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Kenya and DR Congo to sign accord by end of 2014

NAIROBI, (Xinhua) -- Kenya and the Democratic Republic of Congo could sign a bilateral trade agreement by the end of 2014, a government official said Tuesday.

The Ministry of Foreign Affairs Director of International Trade Nelson Ndirangu said in Nairobi that talks between the two nations began over two years ago.

“We are waiting for the DR Congo to sign the agreement so that it ratified by Kenya’s parliament,” Ndirangu said during a retreat on Kenya economic ties with the Great Lakes Region.

The day-long conference brought participants to strategize on ways of increasing Kenya’s trade in the region. He said that a trade agreement will offer Kenya preferential access to the Central Africa state.

Ndirangu said that DR Congo, with approximately 90 million people, is a net importer of agricultural and manufactured goods and therefore offers Kenya a huge market.

He said that trade between the two nations is low due to the high trade taxes.

Foreign Affairs Principal Secretary Karanja Kibicho said that Kenya is seeking to exploit the untapped markets of the Great Lakes Region. The region comprises of Angola, Burundi, Central African Republic, DR Congo, Kenya, Republic of Congo, Rwanda, Sudan, South Sudan, Tanzania, Uganda and Zambia.

The PS said that the region has a Gross Domestic Product of about 341 billion U.S. dollars. “It should be one of our focus areas for trade, investment and trade opportunities,” he said.

Special Adviser to the UN Special Envoy of the Secretary- General to the Great Lakes Region Modibo Toure said that Kenya is the most advanced economies in East and Central Africa.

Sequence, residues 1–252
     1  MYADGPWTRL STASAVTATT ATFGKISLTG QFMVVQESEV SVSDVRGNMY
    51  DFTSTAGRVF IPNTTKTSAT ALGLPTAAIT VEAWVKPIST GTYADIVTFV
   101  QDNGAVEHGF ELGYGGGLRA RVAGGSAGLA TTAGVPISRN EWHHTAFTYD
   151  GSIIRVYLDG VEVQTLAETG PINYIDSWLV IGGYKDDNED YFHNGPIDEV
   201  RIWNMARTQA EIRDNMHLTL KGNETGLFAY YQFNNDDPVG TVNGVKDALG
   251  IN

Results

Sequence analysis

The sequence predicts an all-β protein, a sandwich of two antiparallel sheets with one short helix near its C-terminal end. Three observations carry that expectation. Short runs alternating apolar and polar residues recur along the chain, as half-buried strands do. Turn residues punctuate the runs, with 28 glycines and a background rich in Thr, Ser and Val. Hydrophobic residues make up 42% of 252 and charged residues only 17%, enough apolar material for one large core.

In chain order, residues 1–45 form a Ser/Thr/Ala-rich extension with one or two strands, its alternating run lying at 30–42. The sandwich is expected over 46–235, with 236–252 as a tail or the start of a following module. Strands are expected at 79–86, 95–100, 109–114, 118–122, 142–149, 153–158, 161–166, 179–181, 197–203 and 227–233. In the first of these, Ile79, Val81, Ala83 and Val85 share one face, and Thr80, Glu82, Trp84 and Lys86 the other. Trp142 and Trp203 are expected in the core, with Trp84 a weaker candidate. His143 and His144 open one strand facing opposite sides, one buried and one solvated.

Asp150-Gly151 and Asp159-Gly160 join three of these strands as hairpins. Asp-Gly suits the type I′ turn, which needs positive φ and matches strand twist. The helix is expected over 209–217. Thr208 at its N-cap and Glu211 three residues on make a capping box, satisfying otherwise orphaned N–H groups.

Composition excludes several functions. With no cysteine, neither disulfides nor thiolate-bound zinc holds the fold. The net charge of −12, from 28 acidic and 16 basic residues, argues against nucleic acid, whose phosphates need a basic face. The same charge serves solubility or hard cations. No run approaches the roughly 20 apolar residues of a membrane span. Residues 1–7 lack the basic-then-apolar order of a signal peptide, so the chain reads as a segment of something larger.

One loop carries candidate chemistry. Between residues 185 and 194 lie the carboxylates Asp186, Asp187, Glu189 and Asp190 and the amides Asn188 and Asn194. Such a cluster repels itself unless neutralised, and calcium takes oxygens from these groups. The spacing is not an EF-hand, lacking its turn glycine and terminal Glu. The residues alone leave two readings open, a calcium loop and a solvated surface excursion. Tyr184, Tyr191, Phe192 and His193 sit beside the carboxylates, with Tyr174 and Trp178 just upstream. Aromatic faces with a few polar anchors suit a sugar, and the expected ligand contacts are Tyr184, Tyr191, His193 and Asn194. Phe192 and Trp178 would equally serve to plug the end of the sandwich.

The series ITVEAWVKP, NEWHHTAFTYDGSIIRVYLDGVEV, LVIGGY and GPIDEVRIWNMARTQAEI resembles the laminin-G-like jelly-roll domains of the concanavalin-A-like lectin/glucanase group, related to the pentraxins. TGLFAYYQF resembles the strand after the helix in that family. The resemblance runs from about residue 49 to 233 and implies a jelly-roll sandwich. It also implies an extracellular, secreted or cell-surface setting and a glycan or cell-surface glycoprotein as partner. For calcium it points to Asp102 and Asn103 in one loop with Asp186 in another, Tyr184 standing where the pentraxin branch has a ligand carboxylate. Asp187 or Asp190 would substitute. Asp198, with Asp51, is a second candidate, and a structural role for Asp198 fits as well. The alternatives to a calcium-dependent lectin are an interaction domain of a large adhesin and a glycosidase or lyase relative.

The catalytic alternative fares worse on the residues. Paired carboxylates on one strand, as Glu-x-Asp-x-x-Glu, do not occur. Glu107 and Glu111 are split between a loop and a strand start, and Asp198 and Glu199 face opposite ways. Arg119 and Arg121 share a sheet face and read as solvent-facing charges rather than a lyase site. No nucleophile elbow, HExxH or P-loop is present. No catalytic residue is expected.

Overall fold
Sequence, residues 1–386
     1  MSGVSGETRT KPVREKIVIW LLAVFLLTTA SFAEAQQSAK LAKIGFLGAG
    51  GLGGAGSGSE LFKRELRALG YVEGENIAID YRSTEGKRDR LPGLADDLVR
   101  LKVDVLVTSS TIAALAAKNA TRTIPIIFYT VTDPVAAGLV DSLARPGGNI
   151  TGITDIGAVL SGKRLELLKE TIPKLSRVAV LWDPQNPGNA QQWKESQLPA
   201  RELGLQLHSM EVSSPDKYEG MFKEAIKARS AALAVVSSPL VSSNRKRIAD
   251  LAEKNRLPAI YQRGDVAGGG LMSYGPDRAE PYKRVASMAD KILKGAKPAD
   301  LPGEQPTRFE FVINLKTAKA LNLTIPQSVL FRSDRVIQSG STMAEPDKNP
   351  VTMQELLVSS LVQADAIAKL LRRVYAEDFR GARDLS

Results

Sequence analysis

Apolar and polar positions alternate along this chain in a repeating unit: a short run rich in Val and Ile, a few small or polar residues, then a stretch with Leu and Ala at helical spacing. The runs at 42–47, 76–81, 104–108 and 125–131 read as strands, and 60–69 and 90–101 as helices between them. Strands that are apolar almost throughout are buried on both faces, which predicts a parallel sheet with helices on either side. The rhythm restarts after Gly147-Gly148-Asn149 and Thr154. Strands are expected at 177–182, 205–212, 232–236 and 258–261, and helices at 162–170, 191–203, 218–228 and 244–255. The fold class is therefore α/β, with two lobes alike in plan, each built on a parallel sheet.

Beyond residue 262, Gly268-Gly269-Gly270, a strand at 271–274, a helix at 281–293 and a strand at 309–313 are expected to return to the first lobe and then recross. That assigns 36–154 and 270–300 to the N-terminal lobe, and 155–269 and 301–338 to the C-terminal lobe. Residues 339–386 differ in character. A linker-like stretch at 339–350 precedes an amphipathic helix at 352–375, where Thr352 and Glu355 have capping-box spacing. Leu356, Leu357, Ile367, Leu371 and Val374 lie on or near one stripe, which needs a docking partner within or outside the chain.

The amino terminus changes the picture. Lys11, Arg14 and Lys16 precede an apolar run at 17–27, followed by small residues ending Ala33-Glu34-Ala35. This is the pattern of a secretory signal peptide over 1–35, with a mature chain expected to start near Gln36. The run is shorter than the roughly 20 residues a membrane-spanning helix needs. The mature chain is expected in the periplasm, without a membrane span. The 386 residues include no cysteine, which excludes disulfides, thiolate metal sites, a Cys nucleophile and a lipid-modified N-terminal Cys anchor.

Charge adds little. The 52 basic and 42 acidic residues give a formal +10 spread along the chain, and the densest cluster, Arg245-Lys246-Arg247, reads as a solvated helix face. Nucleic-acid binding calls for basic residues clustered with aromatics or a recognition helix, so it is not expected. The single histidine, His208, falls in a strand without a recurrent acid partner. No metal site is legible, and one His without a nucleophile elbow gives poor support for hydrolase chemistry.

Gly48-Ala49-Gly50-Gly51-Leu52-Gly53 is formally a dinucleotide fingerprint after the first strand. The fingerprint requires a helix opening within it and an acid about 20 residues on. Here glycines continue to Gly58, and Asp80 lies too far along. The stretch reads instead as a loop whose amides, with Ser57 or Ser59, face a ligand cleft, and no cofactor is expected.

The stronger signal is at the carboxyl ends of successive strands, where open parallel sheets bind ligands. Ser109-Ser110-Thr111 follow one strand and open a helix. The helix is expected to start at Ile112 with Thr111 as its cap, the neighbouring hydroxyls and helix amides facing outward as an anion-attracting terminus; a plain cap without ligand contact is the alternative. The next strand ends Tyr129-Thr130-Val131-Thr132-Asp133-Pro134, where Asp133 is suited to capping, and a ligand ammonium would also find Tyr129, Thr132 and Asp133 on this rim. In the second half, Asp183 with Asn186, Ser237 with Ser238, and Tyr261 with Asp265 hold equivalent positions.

“It is increasingly assuming a prominent role in resolving regional conflicts,” he said.He said that the region’s business community needs to play a role in ending the recurring cycle of violence in the region.

“Shared prosperity is one way of ensuring long term stability,” Toure said. The adviser said that the World Bank has set aside funds to assist businesses in the region to increase investments and trade.

Ministry of Foreign Affairs Director of National Coordinator of the Office of the Great Lakes Region Ken Vitisia said that as military conflict in the region reduces, economic activity begins to pick up.

He noted that the countries of the Great Lakes Region are of great economic importance to Kenya as they are the country’s main trading partners.

According to Kenya’s Economic Survey 2013, Kenya’s value of exports to Africa remained at 48 percent of Kenya’s total exports.

Kenya Association of Manufacturers Head of Policy Phyllis Wakiaga said that Kenya’s key exports to the region include tea, iron products, palms oil, medicaments, beer and cigarettes, sugar and confectionery.

She added that imports include machinery parts, raw hides and skins, unmanufactured tobacco, wood, maize and copper wire.

KAM said that the key critical areas that need to be addressed in the region include health financing, education services and hydroelectric projects.

“This can contribute to peace as well as the revitalization of economic development,” Wakiaga said.

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